These ads may appear in the form of banners, pop-up boxes or even as a separate window filled with advertisements. They may feature deals, coupons or may even proclaim that you have just won some lucky discount. A potentially distinctive feature of these manufactured ads may be a tagline that usually follows the ad to make it seem more legit: “Proudly brought to you by Trusted Surf”, “Powered by Trusted Surf”, “Sponsored by Trusted Surf” etc.
Another complaint about the effect of this adware may be how much of a nuisance it may turn out to be. You have probably had first-hand experience of how irritating incessant amount of ads may be. But, if you have not, imagine this for a moment:
You are trying to research something for work or you are in the midst of doing something seriously important. Out of the corner of your eye, there is something flashing and blinking, trying to get your attention but you manage to ignore that and continue with your work. When you are clicking on a link, you hear some sounds. You check through all your open tabs only to realize that one of the pop-up boxes is featuring a video. You click on a promising link but your view of the page is being blocked by the appearance of another ad which keeps reappearing no matter how many times you try to close it. And not to mention, your computer’s response seems to be lagging and even though you may try to shut off as many programs as possible, it still doesn’t seem to be of any help.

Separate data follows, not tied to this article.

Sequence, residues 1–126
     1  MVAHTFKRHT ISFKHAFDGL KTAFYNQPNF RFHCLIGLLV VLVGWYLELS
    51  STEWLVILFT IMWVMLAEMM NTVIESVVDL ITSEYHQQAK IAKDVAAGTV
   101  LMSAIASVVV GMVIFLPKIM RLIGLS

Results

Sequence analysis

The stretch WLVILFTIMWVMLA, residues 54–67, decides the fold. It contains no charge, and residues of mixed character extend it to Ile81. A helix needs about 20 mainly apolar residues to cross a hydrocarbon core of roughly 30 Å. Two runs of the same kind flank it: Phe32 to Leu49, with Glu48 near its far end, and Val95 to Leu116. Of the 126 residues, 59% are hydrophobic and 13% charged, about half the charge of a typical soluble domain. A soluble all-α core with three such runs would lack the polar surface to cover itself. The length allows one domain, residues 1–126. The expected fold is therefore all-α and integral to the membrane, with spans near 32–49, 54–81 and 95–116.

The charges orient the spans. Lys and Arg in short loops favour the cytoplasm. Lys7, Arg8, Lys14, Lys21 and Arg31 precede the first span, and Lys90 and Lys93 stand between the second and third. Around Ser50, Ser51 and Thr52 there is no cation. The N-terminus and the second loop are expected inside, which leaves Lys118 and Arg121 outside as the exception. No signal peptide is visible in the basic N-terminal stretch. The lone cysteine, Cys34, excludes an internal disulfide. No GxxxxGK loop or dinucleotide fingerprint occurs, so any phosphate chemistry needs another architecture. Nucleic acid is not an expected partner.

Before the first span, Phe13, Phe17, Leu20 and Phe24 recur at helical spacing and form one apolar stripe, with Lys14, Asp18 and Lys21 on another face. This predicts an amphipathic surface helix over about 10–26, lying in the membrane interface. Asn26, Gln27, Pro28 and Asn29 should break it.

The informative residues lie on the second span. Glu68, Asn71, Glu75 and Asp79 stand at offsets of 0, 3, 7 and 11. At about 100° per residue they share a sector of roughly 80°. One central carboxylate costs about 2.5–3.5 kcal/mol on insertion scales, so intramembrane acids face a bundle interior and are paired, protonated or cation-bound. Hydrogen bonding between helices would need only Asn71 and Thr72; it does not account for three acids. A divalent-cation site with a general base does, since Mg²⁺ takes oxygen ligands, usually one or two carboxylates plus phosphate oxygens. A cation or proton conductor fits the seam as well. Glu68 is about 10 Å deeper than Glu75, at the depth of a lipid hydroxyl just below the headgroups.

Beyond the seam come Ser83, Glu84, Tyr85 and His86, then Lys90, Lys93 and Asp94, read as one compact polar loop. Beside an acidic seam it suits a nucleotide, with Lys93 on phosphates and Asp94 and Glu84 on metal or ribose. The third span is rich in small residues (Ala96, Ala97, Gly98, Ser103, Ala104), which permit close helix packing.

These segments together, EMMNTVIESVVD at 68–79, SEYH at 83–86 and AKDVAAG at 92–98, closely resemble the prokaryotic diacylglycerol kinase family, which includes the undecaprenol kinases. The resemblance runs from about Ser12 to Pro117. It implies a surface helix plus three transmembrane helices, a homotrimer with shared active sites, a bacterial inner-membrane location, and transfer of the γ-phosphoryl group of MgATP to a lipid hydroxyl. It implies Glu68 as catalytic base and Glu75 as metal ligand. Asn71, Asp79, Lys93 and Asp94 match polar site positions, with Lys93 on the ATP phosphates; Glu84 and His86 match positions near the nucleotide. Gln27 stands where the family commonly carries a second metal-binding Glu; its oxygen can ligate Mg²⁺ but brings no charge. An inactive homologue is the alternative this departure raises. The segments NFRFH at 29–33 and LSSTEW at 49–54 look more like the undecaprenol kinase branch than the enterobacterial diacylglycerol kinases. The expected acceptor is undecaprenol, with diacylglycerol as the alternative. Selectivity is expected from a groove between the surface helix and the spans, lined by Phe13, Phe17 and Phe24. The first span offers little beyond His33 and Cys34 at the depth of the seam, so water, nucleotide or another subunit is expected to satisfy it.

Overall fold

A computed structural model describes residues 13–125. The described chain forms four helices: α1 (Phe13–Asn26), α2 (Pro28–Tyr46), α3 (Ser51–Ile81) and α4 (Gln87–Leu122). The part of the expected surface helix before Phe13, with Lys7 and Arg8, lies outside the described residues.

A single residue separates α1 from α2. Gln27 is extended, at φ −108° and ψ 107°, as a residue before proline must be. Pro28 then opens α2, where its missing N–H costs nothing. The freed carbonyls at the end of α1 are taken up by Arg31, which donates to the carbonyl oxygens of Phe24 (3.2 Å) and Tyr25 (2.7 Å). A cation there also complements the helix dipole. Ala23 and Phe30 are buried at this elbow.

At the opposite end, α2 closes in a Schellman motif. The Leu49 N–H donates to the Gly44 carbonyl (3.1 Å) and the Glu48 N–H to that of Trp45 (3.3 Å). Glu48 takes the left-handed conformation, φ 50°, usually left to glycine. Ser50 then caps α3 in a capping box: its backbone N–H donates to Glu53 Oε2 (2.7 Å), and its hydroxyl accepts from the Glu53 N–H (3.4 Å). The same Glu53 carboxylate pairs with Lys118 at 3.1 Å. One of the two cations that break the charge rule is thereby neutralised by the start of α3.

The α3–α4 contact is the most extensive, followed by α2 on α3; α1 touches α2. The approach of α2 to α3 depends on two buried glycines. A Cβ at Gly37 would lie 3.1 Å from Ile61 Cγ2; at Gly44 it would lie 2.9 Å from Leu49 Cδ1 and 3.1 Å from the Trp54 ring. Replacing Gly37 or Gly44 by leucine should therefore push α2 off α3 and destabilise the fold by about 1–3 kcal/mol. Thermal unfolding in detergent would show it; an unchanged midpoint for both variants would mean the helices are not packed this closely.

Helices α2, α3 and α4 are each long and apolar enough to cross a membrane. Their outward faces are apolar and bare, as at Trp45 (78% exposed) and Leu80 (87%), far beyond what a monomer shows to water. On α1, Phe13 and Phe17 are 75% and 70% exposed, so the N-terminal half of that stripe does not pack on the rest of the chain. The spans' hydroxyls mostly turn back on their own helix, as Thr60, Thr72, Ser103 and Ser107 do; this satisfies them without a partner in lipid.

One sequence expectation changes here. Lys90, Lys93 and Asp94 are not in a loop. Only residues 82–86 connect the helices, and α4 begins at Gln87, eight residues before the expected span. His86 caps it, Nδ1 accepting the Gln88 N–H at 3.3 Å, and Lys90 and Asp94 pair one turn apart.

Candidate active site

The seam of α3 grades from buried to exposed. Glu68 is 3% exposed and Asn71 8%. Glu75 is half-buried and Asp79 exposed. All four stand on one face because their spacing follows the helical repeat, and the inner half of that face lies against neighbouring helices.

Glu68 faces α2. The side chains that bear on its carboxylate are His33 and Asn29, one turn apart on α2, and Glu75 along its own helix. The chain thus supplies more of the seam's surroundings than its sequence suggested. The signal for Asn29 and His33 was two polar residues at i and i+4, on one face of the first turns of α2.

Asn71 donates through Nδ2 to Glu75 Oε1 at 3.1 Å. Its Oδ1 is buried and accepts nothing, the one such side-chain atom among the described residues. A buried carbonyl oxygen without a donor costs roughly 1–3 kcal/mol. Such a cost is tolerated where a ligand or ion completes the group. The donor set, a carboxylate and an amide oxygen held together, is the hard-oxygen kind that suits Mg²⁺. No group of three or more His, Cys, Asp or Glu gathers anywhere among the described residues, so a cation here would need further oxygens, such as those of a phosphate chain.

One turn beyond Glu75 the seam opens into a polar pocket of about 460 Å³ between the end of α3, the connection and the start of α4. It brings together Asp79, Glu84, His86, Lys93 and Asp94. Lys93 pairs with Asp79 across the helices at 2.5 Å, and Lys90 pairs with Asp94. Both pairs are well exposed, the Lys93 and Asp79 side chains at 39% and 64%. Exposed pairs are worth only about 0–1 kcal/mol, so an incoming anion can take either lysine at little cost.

Imagine all the unwarranted negative emotions that you may have felt: exasperation, annoyance, frustration and anger, just to name a few. And to think that all these may easily be avoided by simply removing the adware.
|Symptoms||Unwanted and potentially irritating ads and browser redirects. |
|Distribution Method||Probably through some bundle installation of another software product. |